Are soybean diseases getting worse?

In spite of all the year-to-year variations, some worrying trends are developing

Ask a dozen farmers, advisors or industry reps to identify the worst soybean disease this year and it’s possible you’ll get a dozen different replies. Much of it depends on location, but there are concerns that some diseases are increasing in severity, if not frequency or geographic area.

Some of the headline diseases of 15 to 20 years ago have faded. There aren’t many reports these days of powdery mildew or stem canker, although there’s still some soybean mosaic virus and Pythium damping off.

But other diseases, particularly soybean cyst nematode (SCN) and sudden death syndrome (SDS), are increasing in frequency and severity.

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The two have been linked and SCN is well-recognized as the primary yield-robber, not just in Ontario or Eastern Canada but across most of the U.S. Midwest. Sudden death is the more worrisome, though, given its collaborative spread alongside of SCN.

A rundown of diseases would also be incomplete without mentioning white mould that is now a perennial challenge for growers in Eastern Ontario.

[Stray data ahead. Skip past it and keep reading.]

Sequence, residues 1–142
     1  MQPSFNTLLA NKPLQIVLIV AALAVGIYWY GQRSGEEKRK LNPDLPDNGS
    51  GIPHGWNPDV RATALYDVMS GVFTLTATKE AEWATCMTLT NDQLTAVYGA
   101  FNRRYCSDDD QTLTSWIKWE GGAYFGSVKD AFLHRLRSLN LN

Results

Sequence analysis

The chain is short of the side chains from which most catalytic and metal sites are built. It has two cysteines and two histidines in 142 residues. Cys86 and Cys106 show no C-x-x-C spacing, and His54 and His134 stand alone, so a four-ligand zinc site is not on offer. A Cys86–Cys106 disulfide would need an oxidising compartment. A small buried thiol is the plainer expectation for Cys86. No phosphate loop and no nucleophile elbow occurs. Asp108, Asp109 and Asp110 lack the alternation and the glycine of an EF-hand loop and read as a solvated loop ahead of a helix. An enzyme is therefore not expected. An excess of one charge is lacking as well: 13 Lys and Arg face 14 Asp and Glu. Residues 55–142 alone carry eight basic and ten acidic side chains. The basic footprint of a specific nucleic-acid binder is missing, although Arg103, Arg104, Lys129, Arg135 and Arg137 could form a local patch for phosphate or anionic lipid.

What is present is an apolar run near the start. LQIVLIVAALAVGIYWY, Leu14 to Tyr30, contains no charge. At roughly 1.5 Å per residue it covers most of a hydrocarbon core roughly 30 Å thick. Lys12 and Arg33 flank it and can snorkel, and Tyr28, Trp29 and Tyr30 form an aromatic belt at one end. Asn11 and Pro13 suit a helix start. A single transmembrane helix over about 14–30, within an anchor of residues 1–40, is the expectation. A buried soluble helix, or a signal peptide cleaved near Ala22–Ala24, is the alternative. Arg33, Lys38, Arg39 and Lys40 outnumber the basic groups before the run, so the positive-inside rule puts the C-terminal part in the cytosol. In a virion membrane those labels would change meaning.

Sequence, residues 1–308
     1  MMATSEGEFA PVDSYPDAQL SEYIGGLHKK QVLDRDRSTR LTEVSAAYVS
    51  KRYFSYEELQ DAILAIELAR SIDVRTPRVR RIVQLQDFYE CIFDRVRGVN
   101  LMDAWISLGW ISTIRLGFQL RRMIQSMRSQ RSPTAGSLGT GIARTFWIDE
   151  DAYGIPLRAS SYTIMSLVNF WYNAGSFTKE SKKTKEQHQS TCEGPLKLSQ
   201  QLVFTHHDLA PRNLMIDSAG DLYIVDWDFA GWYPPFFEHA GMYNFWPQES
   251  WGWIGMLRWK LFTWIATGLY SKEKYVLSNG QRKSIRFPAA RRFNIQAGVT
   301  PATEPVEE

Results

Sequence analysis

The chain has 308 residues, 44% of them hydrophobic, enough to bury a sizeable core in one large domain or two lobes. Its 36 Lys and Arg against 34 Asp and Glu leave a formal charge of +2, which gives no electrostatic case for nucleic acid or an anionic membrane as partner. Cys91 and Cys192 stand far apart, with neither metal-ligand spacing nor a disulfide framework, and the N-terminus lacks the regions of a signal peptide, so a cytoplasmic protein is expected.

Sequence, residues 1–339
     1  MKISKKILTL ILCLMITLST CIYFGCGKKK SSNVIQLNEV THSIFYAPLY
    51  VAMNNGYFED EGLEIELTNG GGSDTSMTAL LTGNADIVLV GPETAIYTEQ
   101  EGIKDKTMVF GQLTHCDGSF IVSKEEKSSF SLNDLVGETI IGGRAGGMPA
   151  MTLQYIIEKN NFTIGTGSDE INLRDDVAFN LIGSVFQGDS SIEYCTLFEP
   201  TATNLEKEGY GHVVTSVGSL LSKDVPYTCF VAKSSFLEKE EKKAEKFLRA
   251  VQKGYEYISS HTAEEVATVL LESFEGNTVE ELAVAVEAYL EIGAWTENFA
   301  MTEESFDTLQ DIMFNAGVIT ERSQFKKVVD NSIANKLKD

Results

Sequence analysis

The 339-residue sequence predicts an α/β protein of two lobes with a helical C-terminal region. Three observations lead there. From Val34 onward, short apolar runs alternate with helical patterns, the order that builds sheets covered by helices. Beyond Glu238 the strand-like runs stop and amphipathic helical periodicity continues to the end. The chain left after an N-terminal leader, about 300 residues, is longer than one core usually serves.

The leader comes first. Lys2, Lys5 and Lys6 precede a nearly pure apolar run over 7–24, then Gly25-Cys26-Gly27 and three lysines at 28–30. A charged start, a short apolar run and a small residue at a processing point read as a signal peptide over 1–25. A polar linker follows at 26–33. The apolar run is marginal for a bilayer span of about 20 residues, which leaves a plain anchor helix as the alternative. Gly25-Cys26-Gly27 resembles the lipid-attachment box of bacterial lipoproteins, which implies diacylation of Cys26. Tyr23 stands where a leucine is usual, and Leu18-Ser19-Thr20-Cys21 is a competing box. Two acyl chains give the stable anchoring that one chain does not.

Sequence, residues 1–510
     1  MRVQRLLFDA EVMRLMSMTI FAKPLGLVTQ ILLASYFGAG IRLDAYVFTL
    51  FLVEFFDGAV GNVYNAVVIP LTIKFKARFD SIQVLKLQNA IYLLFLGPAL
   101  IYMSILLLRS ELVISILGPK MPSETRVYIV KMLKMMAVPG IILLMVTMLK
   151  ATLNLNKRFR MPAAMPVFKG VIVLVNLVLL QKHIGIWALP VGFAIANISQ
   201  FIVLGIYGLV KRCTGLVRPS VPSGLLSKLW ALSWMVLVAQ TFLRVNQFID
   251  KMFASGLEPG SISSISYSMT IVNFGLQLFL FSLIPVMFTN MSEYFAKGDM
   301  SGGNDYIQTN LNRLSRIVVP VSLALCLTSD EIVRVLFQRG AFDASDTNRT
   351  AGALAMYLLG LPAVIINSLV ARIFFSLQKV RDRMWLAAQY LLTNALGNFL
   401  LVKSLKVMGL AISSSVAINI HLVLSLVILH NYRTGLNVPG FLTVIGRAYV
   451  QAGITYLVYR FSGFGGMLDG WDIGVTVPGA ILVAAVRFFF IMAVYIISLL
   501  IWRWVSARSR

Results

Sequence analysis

“I find it hard to say we’re seeing a trend in some of these diseases but last year was definitely an outbreak of SDS and it was more widespread than I’ve ever seen it,” says Shawn Brenneman, agronomic sales representative with Syn­genta Canada. He attributed that to early planting and cool conditions, followed by a drier July in 2018. “To me, it was the environment that did it. But at the heart of it, because of more frequent soybean rotations and shorter overall rotations, the inoculum is always there.”

Although SCN and SDS are on the rise, diseases like Phytophthora and white mould (pictured) can still challenge growers.
photo: Supplied

Brenneman thought growers would be seeing more SDS in 2019 because of the inoculum that was left behind last year, plus the fact that more is known about the link between SDS and SCN. He believes that SCN is going to be the primary issue and will spread faster. It will continue to be an issue and as a result, more SDS is likely to show as well.

“I’d expect we’ll see more frequency of SDS in future years because of its link and spread with SCN, but it is more a case of having a one-in-five outbreak like 2018,” says Brenneman. “I can’t call that a trend because it’s usually more of an outbreak, the same with phomopsis in 2018. I saw more phomopsis seed mould last year than I had in a long time and it was because of all that moisture we had in August and September, finishing off that crop.”

It became particularly troublesome for growers who didn’t apply a fungicide.

Seed treatments and screening